Relaxing whilst doing Competition Law is not an Oxymoron

On selectivity and alleged fiscal State aid (today’s Judgments in Cases T-290/10 Autogrill /Commission and T-399/11, Banco Santander/Commission)

with 7 comments


I’m writing under the influence of a few bottles of Champagne opened to celebrate two landmark Judgments rendered this morning by the General Court annulling the Commission’s decision that ruled the Spanish tax regime allowing for the deduction of shareholdings in foreign companies to be incompatible with the internal market (click here for the Court’s Press Release).

A very convenient disclosure/explanation: my firm represented all successful applicants.

The Judgments are important not only because of their economic significance (we’re talking of hundreds of affected companies and of billions of euros) but also because they are a welcome clarification on how to interpret the selectivity criterion in cases concerning alleged fiscal State aid. You may in fact recall that already 3 years ago my then colleague and still very good friend Napoleón (now on the dark side, at the European Commission) discussed the issues raised by the case on this blog (see here).

A few comments on the news:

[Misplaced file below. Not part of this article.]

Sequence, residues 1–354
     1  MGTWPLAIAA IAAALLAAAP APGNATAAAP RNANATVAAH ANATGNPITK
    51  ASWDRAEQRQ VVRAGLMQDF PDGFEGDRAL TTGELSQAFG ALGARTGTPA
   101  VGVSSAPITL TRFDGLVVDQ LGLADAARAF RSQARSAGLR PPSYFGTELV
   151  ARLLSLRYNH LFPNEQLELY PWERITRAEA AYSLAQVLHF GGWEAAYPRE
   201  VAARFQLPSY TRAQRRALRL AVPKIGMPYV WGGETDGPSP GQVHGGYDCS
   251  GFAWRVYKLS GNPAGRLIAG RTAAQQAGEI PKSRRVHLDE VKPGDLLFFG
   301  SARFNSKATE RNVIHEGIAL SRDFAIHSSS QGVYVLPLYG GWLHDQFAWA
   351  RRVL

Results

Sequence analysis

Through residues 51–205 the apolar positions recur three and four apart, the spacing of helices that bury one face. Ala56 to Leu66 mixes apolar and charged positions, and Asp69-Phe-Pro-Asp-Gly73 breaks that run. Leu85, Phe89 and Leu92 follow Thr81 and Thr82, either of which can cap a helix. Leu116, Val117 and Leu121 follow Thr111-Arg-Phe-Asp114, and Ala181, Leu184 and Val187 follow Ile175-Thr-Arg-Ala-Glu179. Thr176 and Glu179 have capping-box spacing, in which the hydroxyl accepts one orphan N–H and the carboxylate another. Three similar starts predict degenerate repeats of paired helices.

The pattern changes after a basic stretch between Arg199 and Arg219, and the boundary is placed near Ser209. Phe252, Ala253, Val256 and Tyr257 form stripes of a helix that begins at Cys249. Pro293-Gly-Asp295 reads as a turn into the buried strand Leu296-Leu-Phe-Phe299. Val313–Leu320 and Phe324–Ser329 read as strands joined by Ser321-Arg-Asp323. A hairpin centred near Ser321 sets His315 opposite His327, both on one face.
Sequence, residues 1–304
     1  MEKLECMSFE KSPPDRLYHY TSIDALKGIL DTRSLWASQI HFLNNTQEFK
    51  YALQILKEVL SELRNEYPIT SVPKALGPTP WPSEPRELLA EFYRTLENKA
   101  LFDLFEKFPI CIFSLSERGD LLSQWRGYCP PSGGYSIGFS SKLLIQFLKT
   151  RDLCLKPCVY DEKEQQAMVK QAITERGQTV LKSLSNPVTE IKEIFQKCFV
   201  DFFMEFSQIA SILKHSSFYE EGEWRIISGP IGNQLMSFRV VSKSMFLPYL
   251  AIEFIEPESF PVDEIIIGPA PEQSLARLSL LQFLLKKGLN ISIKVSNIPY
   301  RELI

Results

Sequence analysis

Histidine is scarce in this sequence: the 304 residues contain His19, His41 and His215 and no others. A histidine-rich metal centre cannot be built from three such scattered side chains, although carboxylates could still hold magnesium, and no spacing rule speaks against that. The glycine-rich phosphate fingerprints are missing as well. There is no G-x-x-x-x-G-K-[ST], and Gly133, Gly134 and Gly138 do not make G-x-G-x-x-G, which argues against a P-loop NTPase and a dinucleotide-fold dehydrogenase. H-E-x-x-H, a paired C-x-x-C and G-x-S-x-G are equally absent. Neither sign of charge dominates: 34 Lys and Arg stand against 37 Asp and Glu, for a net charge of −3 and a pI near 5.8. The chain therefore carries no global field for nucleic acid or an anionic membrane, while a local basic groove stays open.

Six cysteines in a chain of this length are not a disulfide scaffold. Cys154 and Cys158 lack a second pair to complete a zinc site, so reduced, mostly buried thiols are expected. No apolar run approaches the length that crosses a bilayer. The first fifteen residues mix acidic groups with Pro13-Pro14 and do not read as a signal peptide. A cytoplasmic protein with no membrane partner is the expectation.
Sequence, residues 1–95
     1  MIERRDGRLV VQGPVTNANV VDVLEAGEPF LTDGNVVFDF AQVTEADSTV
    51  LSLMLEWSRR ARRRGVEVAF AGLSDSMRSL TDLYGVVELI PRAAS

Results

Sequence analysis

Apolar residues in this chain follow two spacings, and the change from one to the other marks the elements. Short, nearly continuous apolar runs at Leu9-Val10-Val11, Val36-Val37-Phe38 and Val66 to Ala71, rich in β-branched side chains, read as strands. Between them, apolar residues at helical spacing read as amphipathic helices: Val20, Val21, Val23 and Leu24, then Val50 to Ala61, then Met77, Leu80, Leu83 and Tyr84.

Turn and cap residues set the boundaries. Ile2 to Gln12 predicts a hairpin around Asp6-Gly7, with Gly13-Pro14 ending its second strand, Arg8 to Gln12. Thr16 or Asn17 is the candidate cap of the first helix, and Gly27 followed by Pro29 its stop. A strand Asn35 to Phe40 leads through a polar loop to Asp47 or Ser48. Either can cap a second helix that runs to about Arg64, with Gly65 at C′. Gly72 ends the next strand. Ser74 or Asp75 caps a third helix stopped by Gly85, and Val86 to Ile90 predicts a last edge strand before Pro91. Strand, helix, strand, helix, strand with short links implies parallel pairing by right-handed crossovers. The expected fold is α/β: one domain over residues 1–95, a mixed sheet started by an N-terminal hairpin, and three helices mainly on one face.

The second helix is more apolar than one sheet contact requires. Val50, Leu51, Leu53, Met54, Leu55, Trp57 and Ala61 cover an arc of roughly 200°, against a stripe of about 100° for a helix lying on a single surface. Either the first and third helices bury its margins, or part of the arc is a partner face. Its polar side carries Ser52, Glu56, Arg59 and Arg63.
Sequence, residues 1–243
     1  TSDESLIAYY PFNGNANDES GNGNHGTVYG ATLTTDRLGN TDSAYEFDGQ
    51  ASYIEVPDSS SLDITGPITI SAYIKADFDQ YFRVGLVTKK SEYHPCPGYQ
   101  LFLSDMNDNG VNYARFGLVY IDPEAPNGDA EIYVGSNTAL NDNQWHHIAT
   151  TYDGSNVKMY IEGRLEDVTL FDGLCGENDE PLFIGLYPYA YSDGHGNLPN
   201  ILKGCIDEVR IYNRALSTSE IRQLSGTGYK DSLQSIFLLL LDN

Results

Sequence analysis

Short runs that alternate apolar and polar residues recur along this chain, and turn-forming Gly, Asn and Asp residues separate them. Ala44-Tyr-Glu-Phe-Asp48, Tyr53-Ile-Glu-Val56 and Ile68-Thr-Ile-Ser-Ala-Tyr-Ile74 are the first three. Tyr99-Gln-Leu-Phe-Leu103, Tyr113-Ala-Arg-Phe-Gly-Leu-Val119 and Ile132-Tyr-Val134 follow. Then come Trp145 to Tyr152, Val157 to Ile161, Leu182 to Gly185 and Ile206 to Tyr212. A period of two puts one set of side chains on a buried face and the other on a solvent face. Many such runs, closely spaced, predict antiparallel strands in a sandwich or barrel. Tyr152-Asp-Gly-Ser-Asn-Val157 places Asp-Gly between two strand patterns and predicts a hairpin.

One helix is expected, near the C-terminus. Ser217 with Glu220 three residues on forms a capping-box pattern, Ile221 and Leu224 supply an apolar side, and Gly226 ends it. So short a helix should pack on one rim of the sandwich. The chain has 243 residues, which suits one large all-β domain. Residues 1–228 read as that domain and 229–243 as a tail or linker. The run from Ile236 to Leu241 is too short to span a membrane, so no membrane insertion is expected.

• Whereas it’s remarkable that appeals by alleged beneficiaries were successful in a case in which the State didn’t appeal the decision, the truth is that the Judgments do not constitute any major overhaul on the system. On the contrary, these Judgments only reinstate the obvious, that in order for a measure to be selective it shall offer an advantage to a certain category of companies. Measures which, like the one at issue, are open to any company operating within the system of reference (in this case the national tax system) are not to be considered selective. Rather than being new, this is actually one of the things that is taught on the very first session of any State aid course; the fact that many people forget about it may be explained either because they arrived late to class or because their memory follows a FIFO pattern 😉
  • The Judgments come at a moment when fiscal State aid –that we’ve been doing for a decade- is in the spotlight (the Lux leaks news broke only yesterday) so the first reaction of many will be to think about the impact this may have on other cases in which the Commission has also embraced an arguably excessively wide notion of selectivity (this includes my 25 fiscal State aid appeals currently pending before the General Court as well as the more recent investigations into tax rulings).
  • The Judgments expose an unusual behavior on the part of the Commission, which only last week adopted another decision building on the one that has now been quashed without waiting for the Court’s Judgment, which they knew was coming. This, which was probably intended to show that Almunia also targeted Spain, doesn’t seem to have played out so well.

7 Responses